Brian Richmond recently found
success in a writing
competition he found through firstwriter.com. We
caught up with him to talk to him about the competition, and his
fw: Congratulations on your success in the Next Stop Hollywood competition.
Tell us a little about the competition.
BR: The competition was a collaboration between figures in the publishing and movie industries
in the USA. The aim was very specific: to find stories that had the potential to be turned into films, as the title suggests.
The first step will be the publication of an anthology of the winning stories by St Martin's Press in New York. Over 600 stories were
submitted and only 15 were chosen. In fact, I'm the only person from Europe who made it through.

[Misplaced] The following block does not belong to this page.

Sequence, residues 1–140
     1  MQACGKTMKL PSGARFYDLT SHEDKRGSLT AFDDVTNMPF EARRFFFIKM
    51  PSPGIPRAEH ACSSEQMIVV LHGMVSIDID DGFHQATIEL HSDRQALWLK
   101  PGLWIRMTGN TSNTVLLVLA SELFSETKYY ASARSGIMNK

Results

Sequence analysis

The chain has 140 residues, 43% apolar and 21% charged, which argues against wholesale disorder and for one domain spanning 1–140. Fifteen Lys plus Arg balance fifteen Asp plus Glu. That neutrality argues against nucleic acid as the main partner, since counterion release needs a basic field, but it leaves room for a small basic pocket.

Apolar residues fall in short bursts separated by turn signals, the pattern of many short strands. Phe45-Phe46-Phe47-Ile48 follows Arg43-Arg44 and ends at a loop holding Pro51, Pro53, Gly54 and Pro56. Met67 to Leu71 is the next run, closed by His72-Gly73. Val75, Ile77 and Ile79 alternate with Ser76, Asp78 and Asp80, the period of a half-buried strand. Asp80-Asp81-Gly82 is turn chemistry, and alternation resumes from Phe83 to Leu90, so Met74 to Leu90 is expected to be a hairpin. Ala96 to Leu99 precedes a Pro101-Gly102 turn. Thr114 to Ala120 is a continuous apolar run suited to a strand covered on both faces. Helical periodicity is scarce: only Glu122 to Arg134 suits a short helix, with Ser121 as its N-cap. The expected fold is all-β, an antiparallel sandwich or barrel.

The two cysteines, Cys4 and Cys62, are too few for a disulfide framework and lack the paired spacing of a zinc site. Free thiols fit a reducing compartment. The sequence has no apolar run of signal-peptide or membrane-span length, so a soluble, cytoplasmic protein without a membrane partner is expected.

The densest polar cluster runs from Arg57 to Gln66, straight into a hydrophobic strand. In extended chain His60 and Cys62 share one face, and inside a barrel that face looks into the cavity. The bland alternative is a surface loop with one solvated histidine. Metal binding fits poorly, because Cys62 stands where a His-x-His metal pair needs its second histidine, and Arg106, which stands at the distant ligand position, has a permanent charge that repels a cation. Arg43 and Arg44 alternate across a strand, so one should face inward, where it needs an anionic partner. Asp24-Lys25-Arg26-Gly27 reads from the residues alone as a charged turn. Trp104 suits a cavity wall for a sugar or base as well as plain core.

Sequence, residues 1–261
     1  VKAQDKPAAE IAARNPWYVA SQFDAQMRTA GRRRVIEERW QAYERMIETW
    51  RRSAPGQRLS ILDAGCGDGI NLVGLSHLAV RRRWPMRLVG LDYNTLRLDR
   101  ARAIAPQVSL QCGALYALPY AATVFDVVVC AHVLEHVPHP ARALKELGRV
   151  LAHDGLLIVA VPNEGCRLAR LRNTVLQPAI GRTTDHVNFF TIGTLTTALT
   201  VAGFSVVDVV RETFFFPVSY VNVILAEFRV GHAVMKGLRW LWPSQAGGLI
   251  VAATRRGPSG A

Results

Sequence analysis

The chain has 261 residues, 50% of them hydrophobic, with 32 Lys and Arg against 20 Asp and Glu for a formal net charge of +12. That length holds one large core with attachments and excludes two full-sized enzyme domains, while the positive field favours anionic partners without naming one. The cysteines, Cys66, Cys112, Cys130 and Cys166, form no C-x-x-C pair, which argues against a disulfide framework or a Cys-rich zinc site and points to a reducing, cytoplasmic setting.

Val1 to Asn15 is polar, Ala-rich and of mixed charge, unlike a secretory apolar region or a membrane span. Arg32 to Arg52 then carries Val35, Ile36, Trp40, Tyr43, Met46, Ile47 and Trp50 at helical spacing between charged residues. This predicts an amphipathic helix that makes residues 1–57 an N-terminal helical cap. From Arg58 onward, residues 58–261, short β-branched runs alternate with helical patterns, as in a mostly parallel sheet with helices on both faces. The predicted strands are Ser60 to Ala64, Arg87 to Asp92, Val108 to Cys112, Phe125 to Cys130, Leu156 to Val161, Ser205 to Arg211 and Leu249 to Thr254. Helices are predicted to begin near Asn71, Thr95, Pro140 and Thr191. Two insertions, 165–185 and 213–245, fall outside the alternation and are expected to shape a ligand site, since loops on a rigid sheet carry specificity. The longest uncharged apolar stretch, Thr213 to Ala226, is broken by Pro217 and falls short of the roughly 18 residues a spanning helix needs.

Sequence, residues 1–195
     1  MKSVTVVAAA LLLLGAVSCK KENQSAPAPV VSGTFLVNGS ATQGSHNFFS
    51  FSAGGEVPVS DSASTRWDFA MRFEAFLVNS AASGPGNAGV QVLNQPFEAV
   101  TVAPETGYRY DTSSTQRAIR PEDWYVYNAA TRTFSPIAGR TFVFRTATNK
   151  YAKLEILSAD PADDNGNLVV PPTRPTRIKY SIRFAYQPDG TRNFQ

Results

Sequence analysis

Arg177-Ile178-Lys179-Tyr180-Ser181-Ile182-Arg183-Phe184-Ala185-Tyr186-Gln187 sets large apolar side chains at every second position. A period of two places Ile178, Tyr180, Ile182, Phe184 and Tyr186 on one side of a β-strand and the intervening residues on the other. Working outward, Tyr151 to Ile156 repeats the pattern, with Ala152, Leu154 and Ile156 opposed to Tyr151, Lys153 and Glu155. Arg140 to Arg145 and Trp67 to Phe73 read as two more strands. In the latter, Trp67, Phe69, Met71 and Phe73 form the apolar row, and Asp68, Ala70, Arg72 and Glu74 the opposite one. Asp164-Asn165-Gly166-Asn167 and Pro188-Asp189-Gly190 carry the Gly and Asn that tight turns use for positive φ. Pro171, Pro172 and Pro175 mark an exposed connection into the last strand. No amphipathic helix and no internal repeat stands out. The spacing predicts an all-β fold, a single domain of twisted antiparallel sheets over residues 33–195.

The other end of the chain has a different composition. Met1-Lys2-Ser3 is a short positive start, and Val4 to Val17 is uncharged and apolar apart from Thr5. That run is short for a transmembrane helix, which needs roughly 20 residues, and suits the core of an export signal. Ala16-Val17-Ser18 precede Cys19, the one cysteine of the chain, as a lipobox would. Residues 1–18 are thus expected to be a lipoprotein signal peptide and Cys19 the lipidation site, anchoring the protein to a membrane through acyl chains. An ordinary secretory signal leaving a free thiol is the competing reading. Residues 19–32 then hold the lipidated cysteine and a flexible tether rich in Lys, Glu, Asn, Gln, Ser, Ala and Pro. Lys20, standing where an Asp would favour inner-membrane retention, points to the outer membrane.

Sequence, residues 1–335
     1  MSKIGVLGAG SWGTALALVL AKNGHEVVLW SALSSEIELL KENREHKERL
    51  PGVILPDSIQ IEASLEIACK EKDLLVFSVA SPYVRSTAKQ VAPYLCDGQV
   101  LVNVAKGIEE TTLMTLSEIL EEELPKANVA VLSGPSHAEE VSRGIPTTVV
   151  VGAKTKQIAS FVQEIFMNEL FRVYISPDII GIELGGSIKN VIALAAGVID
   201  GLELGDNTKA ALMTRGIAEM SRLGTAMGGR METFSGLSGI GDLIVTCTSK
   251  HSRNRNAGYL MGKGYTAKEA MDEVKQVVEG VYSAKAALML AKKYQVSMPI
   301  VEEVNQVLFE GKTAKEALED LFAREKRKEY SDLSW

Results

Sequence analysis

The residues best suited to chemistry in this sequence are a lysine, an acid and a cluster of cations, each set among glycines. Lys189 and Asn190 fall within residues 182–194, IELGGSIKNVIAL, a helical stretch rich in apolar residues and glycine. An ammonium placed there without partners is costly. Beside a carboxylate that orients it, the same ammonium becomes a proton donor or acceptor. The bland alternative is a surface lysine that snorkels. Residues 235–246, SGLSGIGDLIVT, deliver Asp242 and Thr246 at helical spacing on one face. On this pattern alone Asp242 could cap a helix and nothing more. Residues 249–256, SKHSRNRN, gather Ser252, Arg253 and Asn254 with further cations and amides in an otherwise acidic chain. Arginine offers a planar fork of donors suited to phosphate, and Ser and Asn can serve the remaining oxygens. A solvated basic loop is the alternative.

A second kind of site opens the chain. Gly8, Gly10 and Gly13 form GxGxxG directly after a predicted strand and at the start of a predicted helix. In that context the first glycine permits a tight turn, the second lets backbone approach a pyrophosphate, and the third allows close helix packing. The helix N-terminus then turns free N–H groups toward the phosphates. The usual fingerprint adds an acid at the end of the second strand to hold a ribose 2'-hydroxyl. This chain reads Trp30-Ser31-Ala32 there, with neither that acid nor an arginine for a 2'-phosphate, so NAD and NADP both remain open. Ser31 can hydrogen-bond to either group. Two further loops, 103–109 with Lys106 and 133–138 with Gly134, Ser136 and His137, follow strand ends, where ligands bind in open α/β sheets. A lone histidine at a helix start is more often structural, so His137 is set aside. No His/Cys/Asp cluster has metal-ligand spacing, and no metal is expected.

BR: I've always been interested in writing and had some very minor successes
in my early 20s. But, like a lot of people, career and family intervened. Then I realised that, if I didn't do something soon, I'd become
one of those people who was always going to write but never did.
fw: What made you want to start writing?
BR: I loved reading. It's something I picked up from my dad. One of the few things we did together was to go to the local
public library. And, when you love writing, it's a pretty natural aspiration to want to be a writer.
fw: And what made you think about entering competitions?
BR: I was just looking for anywhere to send my work. My belief is that you have to put
almost as much effort into getting your work out there as into writing it. I'd actually sold my first short story directly to
Alfred Hitchcock's Mystery Magazine but I just wanted to know as much as possible about any potential market. And some
competitions pay as well or offer as much as conventional publication.
fw: Did you find it difficult to get good information on potential markets?